Longtime MotherLode volleyball leader transitions out as new group jumps in
For the 47th year running, hundreds of teams from across the U.S. have descended on a handful of Aspen parks for the annual MotherLode Volleyball Classic.
Coined one of the most popular pro-am volleyball tournaments in the country, the competition includes 21 divisions of play over six days, and is one of Aspen’s oldest summer events.
But this year, the tournament is experiencing a big change. Its leader, Leon Fell, is transitioning out of his management position and a group of five longtime MotherLode competitors, known as the MotherLode Fresh Tracks group, is heading the event.
“It’s a difficult transition,” Fell said Sunday morning. “It’s my baby, I grew it, I made it into the event that it is and I’m really proud of that. … I never dreamed I’d still be with it for this long.”
Since 1981, Fell said he’s worked as the lead marketer, promoter and organizer of the MotherLode Volleyball Classic, which was named after the group who started it: The Mother Lode restaurant on East Hyman Street, where The Aspen Times office is located now.
Fell explained that the owners of the old restaurant started the tournament as a 14-team reunion with their southern California friends in Wagner Park, complete with a keg of beer and a barbecue.
They didn’t realize those friends would come back to Aspen with more friends year after year for volleyball.
“By 1981 there were 164 teams. It just grew by word of mouth,” Fell said, who played in the early tournaments himself. “It outgrew the Mother Lode restaurant. At the time, I was working in event production and they knew I played … so they asked me to take it over and I said sure.”
Over the next 37 years, Fell said he did everything he could to promote and market the volleyball tournament. It’s grown to include amateur and professional teams from roughly 35 states competing on several Aspen grass and sand court locations, and was what Fell calls the first destination tournament, or “volleyball vacation” event in the country.
“We were and still are the granddaddy of all destination volleyball events,” Fell said. “It’s not a big neon event that has bright lights and concerts and all of that stuff, it just brings a lot of people who love to play volleyball and who have fallen in love with the town of Aspen.”
One of those people was Claudio Borgiotti, who is heading the MotherLode Fresh Tracks group that’s transitioned into Fell’s management position.
Borgiotti said he first competed in the MotherLode Volleyball Classic in the early ’90s because of its reputation for being a “bucket list” item for volleyball competitors.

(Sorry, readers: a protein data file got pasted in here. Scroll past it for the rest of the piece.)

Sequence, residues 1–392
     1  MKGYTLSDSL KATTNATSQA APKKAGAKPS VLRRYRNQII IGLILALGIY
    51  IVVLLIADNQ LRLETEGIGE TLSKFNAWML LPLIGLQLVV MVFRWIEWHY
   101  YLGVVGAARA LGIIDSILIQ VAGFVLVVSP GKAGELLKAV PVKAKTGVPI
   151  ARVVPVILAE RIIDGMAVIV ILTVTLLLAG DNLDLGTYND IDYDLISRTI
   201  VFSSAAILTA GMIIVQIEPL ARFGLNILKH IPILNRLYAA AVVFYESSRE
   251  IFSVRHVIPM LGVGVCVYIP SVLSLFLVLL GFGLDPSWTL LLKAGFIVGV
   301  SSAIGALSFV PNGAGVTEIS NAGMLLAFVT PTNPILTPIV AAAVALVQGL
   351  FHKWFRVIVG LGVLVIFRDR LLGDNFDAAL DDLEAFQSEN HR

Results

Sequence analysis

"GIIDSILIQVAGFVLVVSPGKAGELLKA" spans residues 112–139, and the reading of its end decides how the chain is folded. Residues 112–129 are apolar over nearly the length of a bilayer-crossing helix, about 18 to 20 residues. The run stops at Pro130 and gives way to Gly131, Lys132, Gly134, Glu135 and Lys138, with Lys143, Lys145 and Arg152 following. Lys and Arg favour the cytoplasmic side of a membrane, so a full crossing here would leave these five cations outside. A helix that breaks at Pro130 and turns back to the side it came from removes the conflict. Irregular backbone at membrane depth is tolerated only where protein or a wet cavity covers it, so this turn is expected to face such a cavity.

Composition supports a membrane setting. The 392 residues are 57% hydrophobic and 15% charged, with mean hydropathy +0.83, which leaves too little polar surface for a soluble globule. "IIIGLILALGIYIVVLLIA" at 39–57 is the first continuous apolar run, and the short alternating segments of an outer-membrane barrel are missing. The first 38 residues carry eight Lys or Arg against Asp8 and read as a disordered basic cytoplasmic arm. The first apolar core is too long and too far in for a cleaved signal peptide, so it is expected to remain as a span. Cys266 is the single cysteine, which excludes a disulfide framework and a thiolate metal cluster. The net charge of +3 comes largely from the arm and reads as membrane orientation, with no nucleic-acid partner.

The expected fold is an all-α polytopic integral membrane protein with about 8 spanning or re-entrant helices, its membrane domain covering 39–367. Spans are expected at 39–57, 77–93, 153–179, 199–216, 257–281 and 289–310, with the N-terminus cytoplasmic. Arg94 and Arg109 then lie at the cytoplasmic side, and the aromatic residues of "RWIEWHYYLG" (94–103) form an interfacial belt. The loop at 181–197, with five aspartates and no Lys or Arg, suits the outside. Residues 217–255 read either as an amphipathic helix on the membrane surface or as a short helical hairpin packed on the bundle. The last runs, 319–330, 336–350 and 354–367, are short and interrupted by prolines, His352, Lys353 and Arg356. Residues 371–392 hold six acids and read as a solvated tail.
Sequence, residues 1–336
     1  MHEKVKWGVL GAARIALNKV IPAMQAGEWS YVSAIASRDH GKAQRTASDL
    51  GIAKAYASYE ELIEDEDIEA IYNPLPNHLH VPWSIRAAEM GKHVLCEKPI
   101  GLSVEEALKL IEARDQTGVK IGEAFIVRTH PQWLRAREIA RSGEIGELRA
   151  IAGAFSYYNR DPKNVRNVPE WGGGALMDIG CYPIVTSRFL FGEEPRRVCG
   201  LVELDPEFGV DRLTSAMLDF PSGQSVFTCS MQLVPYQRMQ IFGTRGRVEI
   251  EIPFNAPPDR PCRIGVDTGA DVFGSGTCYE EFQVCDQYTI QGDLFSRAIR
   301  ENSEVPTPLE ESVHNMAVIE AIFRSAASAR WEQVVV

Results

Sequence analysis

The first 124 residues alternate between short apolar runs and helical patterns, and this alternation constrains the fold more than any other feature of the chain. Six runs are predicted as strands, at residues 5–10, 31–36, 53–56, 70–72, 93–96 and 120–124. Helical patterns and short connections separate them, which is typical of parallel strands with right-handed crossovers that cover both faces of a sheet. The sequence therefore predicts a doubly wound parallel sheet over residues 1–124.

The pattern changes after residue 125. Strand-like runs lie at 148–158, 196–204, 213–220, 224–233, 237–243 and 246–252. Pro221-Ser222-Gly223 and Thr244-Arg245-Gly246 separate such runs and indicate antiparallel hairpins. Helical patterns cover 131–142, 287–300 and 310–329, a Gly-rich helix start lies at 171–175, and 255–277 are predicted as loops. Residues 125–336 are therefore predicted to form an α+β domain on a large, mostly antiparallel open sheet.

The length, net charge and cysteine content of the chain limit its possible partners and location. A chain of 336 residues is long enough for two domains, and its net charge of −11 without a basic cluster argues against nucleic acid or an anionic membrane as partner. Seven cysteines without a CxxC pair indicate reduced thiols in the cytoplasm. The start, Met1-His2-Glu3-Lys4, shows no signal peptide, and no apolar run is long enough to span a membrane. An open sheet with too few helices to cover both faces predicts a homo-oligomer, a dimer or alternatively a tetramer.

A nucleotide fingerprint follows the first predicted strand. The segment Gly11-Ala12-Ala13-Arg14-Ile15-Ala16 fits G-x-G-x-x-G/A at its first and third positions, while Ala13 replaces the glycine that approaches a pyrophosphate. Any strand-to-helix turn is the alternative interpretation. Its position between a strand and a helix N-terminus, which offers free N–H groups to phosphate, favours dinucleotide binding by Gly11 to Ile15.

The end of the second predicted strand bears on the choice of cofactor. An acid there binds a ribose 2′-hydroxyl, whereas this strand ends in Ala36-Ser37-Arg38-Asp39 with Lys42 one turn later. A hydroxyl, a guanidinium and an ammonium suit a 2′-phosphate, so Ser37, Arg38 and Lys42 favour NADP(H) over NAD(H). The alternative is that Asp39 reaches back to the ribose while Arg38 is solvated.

About 10 years later, Borgiotti bought a home in Aspen because of his love for skiing, his intent to continue to participate in the annual volleyball tournament and his passion for the city overall.
But although Borigotti inquired about how he could help Fell with the volleyball classic soon after he started playing in it, it wasn’t until about two years ago that he and a few other athletes started talking seriously with Fell about a management transition.
That was around the same time a few of the tournament’s top-level winners sued Fell for not paying them their prize money in a timely fashion.
“We had a couple of lean years as I would put it where our sponsorships were difficult to obtain,” Fell said Sunday, reflecting on the past prize-money issues. “It kind of prompted the discussions with the Fresh Tracks group. It was obvious that after 37 years it was time.”
Fell went on to explain that he paid the winners who sued him with money out of his own pocket and admitted that he didn’t run the tournament well as a business.
“It was a labor of love, a love of Aspen, a love of volleyball and a love for combining the two and wanting to bring a subset of people Aspen never marketed to here, and to let them know how beautiful it is,” Fell said.
Moving forward, Borgiotti and the MotherLode Fresh Tracks group hope to pair Fell’s passion and the tournament’s successful precedent with a more robust business plan that aims to make the renowned tournament sustainable, beneficial and enjoyable for sponsors, athletes and spectators.
Borgiotti said the group also aims to increase the tournament numbers by at least 20% over the next several years, which it already achieved this year with the 296 teams registered.
“We are dedicated to making the event as great or greater than it’s ever been,” Borgiotti said.
As for Fell, he will no longer be an active organizer after this year’s 47th volleyball classic, which MotherLode Fresh Tracks headed.
He also sold his “King of the Mountain” tournament held in Vail earlier this summer to Volleyball of the Rockies, an organization that runs volleyball leagues and competitions all over Colorado, including the doubles tournament in Snowmass every July.
However, Fell hopes to help the new MotherLode leaders organize the tournament one more time for the 50th anniversary in a few years as one last hurrah.
“It’s difficult to walk away completely but the reality is it’s their ball game now,” Fell said. “At 70 years of age, it’s nice to have a group that wants to continue the tradition and excitement of the tournament to its 50th anniversary and beyond.”
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